The Deputy Commissioner General of Police (DCG) Mary Gahonzire was in October 2009 named as the new head of prisons. DCG Gahonzire’s appointment saw the prisons department being elevated from a directorate to a national service within the ministry of Internal Security. In this interview with The New Time’s Fred Oluoch-Ojiwah. DCG Gahonzire talks about her brought plans for the transformation of the country’s prison system.
Does it mean that your transfer could be one way of making new deployment by Government for the purposes of turning around the prisons services in one way or another?
Yes it is, reasons being that our country in line with the 2001 constitution, the prisons legislation was reviewed and we got the 2006 Prisons law, and all in line with Rwanda’s compliance to all the international laws, regulations and standards .
Prisons service is part and parcel of the entire Justice system, with our main duty being to look after those committed to prisons (by the courts), with humanity and help them lead law –abiding and useful lives in custody and after release.
Our mission, vision and strategic objectives emphasize among others correctional, Security of prisoners and general public, along with other regimes that are in line with international standards.
Rwanda has had a long and strenuous run in order to reach where she is, considering the heavy burden that was imposed by the war and the genocide.
Could you just elaborate on that appointment as we know that prior to your coming into prisons there was some sort of service in place.
The service had been run as a directorate under the ministry of internal Affairs until recent appointment of a commissioner General. This does not mean however that the Directorate then was not serving properly.
The management of the said directorate with our ministry did good work, and what we have started on is basing on what they built. I am privileged to serve my Mother land in that capacity.
With those changes what is the current status of affairs of the prisons facilities now that you have settled in.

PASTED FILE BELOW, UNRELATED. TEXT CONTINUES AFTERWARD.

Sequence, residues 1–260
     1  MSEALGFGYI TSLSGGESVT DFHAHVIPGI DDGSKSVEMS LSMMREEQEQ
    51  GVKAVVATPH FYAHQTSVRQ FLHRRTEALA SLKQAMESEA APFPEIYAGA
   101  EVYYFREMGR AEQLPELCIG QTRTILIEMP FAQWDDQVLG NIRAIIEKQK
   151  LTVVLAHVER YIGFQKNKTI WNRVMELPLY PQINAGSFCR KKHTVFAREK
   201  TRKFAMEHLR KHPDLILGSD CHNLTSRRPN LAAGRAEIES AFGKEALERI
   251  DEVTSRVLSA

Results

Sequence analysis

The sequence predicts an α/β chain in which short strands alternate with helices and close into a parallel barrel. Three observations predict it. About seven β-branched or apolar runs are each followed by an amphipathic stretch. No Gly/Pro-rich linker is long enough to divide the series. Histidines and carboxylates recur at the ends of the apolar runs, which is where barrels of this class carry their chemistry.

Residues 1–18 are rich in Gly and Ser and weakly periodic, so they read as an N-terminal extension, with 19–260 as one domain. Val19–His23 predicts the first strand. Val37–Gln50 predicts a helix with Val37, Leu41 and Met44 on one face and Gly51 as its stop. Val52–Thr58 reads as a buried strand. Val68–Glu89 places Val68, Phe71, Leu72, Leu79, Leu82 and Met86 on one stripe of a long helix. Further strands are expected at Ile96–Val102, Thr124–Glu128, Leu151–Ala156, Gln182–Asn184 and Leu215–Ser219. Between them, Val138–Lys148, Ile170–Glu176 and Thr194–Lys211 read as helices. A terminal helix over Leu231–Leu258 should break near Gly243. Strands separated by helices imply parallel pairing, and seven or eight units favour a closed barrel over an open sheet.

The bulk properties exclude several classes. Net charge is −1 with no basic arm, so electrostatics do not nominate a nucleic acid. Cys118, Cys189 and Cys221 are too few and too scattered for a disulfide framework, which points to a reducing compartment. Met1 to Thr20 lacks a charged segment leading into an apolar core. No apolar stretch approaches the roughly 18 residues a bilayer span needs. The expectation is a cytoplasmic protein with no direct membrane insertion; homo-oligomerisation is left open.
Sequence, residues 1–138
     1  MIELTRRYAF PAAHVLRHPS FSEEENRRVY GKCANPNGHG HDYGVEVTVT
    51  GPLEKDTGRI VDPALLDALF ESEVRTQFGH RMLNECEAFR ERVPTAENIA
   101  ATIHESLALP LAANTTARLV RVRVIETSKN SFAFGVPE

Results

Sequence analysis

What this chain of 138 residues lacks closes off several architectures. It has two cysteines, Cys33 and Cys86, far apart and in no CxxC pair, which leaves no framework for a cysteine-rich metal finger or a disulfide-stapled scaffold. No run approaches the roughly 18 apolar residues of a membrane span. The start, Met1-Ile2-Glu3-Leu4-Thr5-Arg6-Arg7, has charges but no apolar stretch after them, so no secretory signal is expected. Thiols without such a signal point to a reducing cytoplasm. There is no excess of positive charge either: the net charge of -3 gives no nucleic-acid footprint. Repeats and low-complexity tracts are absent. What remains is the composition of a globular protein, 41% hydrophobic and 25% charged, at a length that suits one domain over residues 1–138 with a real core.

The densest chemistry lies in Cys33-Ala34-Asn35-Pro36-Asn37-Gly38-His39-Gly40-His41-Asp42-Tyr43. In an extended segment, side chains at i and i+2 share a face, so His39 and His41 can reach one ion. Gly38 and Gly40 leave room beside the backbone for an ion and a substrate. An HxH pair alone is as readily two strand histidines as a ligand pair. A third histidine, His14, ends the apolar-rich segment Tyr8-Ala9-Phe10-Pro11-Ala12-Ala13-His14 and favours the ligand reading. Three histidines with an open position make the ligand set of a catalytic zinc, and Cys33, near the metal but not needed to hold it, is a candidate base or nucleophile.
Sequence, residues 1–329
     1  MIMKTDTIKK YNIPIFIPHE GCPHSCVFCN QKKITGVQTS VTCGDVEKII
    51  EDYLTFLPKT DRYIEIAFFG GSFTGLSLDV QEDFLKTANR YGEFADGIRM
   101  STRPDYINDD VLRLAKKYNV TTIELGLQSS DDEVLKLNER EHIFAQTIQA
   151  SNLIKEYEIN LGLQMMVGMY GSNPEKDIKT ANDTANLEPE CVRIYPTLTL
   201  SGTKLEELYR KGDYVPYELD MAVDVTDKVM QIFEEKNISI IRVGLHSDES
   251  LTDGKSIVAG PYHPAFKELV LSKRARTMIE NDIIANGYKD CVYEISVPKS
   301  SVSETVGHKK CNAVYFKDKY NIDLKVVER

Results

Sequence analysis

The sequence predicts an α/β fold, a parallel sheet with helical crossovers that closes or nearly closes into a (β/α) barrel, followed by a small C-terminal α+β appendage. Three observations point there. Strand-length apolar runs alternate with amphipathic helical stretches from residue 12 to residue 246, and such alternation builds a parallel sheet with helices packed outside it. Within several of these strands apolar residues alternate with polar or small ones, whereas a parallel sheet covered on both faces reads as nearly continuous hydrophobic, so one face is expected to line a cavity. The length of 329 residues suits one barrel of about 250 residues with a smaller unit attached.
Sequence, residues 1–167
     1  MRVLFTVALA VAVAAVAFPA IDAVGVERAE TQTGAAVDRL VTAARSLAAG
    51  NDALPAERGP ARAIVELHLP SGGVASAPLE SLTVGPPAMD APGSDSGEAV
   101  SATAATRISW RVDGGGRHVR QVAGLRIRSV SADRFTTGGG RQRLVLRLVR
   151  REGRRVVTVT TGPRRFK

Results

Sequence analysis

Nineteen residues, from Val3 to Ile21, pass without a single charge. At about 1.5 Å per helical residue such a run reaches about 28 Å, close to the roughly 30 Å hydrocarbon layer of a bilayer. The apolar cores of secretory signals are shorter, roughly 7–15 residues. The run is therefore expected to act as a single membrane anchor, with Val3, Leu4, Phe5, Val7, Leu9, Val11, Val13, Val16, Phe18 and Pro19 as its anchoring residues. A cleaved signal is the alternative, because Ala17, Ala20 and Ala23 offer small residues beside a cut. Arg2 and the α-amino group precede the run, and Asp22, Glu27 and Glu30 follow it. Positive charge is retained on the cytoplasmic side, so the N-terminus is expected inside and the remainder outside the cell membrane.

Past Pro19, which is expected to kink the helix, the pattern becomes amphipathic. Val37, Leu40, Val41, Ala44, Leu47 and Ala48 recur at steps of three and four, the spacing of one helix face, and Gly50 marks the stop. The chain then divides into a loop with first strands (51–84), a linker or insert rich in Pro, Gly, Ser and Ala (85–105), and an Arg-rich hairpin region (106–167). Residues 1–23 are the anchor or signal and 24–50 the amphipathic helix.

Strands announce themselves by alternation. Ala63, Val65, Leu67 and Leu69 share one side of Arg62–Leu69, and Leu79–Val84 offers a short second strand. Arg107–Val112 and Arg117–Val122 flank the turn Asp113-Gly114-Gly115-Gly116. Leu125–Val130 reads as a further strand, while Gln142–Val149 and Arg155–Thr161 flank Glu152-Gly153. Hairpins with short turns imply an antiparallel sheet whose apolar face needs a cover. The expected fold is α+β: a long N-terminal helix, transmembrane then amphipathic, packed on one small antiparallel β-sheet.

Basing on Government policy regarding prisons we are set to make a paradigm shift from more of prisons management towards more of correctional and other regimes that will reduce re-offending and offer reintegration to the inmates.
Concerning the physical facilities, Government has a priority to better prison facilities and there is a budget for that. Already we are working with stake holders to ensure that all prison facilities are better.
Prisons can be organized to actively contribute to National Development. We are working on the peat extraction and last week we planted 50 hectares of Avocado in Nsinda prison in partnership with MINAGRI. We have targeted large scale production plus the physical infrastructure.
What does that kind of shift mean to the average citizen
It means that much as we are providing for effective execution of the court sentences, we shall at the same time offer a correctional regime which among others includes equipping inmates with life skills that will help them integrate after their sentence.
The correctional package will also address issues of re-offending and stigma.
Any other changes coming in
Yes, we want to turn prison around, where inmates actively contribute to their welfare and can actively compete on the job market outside, using the very skills they learnt in prison.
We are working on developing farms and we want to be the biggest partners of Ministry of Agriculture. We are thinking of organizing some form of formal education and we shall consult with Ministry of Education.
We have designed a program called “Help in security with Information” and this we shall work with the police. Ministry of information and media will help National Prisons Service in “awareness about prisons”.
So these broad action plans are meant to bring in a total overhaul of the system?
We are almost through with a review of the strategic plan and the action plan that corresponds with the financial period.
There are going to be no overhauls. We are going to build on what was in existence; but we shall for sure throw away bad practices if any come up! There are certain strategic priorities that have been mounted.
These are enshrined in the prisons law of 2006. Here, Management and stuff seek to promote justice through ethical and professional correctional practices while ensuring public safety and healthier communities for all.